Manager Insight

Rob Taylor shifts away from interest-sensitive sectors.
By Diana Cawfield | 24/11/16

Cyclical stocks are likely to lead the market higher in 2017, says Rob Taylor, senior vice-president and portfolio manager at Canoe Financial LP. He predicts that the key to outperformance will be stock picking and sector rotation from higher-yielding defensive stocks to more cyclical fare.

About the Author
Diana Cawfield is an award-winning writer who has been a regular Morningstar contributor since 2000. Her numerous publication credits include the Toronto Star, Advisor's Edge and Chatelaine, as well as the Canadian Securities Institute's online educational services.

Taylor, lead manager of Canoe Equity Class, sees 2016 as a transition year, following a tough couple of years of plummeting oil prices and a significant market downturn. "We feel that we are in the middle of a recovery," says Taylor, "likely in the fourth or fifth inning of the market move."

Anticipating a recovery, the stock market has started to move higher even though we haven't necessarily seen the global economy improve to any significant degree as yet, Taylor adds.

During the downturn, the market's investment flows were piling into a limited number of defensive, high-yielding stocks and the valuations got really extended, says Taylor. Some of those areas included real estate investment trusts, power utilities and telecommunications companies, all of which are in interest-sensitive sectors that traditionally do very well as rates are declining.

As interest rates start to move higher and economic growth starts to improve, says Taylor, money will shift away from the interest-sensitive sectors. It will head into cyclical sectors such as energy, industrials, technology and financial services.

As a contrarian investor with "a value tilt and an out-of-favour" approach, the Calgary-based Canoe team was already thinking in 2015 about this sector rotation in market leadership. The Nov. 8 election of Donald Trump as the next U.S. president hasn't altered their investment strategy, Taylor says.

The team remains bullish on the energy sector. For example, Storm Resources Ltd. (SRX), an oil and gas company based in Alberta, is among the top holdings. "It's an energy stock that's been a long-term holding of ours," says Taylor. "It's a very high- quality asset, with a great management team and a good runway for growth." The team thinks it's very attractively valued and that a re-rating of the stock is likely to happen in the next 12 to 18 months. "So it's a combination of a good-quality core holding with growth potential."

Since the Canadian stock market is highly concentrated in financials and resources stocks, the Canoe team looks outside Canada to diversify and to boost returns. U.S. equities currently represent 42% of the portfolio of Canoe Equity, which is in the Canadian Focused Equity category.

For example, U.S.-based technology giant  Microsoft Corp. (MSFT) is among the top holdings. "If you think back to Microsoft two to three years ago," says Taylor, "it was a very cheap, high-quality stock, with a good earnings profile and a dividend yield." There's been a re-rating of the stock since then and now there's about 10% earnings growth and a 2% to 3% dividend yield. "It's a high-quality franchise that we think offers consistent growth for a long period of time."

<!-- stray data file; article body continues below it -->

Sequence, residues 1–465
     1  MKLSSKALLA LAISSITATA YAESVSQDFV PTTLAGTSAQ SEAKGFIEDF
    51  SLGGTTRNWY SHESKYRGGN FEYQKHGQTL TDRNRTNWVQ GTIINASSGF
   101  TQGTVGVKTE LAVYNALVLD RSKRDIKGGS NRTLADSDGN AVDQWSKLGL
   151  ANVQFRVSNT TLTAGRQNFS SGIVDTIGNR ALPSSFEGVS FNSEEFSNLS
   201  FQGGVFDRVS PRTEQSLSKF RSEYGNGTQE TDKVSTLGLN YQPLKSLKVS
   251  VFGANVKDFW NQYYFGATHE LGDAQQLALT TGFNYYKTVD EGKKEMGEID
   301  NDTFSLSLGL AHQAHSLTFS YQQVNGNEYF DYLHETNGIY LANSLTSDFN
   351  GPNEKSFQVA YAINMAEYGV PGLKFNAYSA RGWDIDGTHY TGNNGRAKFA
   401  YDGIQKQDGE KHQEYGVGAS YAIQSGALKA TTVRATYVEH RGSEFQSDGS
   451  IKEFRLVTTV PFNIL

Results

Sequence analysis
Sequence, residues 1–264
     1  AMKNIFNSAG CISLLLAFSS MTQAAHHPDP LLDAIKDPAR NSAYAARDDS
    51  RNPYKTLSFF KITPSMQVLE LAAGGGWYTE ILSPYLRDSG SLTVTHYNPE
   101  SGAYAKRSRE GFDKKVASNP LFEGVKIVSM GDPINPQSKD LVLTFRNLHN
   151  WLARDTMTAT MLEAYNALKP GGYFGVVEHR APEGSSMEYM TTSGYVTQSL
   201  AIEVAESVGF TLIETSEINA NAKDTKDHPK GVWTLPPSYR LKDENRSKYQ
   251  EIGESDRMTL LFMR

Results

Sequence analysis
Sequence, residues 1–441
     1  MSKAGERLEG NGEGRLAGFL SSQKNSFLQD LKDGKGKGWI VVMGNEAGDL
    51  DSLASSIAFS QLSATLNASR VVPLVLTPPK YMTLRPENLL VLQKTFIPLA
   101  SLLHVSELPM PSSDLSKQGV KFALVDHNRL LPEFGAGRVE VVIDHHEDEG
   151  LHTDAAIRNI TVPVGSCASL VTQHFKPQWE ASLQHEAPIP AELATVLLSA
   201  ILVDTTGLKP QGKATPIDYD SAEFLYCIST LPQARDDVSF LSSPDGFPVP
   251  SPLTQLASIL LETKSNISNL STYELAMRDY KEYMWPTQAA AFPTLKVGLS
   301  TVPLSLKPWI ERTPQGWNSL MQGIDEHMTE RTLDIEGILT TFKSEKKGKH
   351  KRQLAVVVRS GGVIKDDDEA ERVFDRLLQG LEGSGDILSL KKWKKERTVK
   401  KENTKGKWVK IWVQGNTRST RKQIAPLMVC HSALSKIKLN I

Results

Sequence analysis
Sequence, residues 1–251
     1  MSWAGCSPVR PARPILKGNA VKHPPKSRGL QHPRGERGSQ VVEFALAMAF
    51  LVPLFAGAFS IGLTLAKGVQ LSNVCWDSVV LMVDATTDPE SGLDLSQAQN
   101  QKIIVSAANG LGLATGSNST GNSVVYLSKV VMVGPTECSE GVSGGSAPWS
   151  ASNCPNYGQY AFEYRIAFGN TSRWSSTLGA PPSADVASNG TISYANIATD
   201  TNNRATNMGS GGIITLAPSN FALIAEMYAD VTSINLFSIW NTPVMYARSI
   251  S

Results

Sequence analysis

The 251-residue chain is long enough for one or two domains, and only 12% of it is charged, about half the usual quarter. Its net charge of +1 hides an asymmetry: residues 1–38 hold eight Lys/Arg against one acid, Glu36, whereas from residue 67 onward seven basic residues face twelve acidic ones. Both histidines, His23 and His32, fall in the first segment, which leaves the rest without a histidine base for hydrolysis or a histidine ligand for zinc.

The Canoe team also favours U.S. financial stocks, of which three -- including  U.S. Bancorp (USB) -- are among the fund's top holdings. "Obviously there's been a significant move in the U.S. financials," says Taylor. "We were really feeling like they were very undervalued. They were one of the worst performing sectors this year. We believe if this cyclical leadership continues to take hold in 2017, we'll continue to see rates likely move higher and that will help the U.S. financials continue to perform."

 Union Pacific Corp. (UNP), also among the top 10 holdings, is another example of a U.S. cyclical play. The major railroad company has seen significant downward revisions in earnings, as a result of the global slowdown over the last couple of years. "We feel that the company has troughed," says Taylor, "and we should see some earnings revisions higher over the next year or two."

Today, the consumer area may offer out-of-favour opportunities. "So you think of where the leadership was last year," says Taylor, "in things like  Nike Inc. (NKE) and  Starbucks Corp. (SBUX). Nike is down 30% plus and Starbuck's down probably 25%. A lot of those stocks in the consumer-staples area have seen significant corrections."

But Taylor thinks it's a bit too soon to buy some of the depressed consumer stocks. He feels there's still more runway for the cyclical leadership positions to continue, at least for the first couple of quarters in 2017. "Then I think we'll be starting to think about where do we rotate into next, and it might be in some of those consumer areas."

Looking ahead farther down the line, over the next five years or so, Taylor thinks we could continue to be in a lower-return type of market environment. "Having the ability to pick stocks and make these rotations from an outperforming sector to an underperforming sector to add value, is going to be really important."

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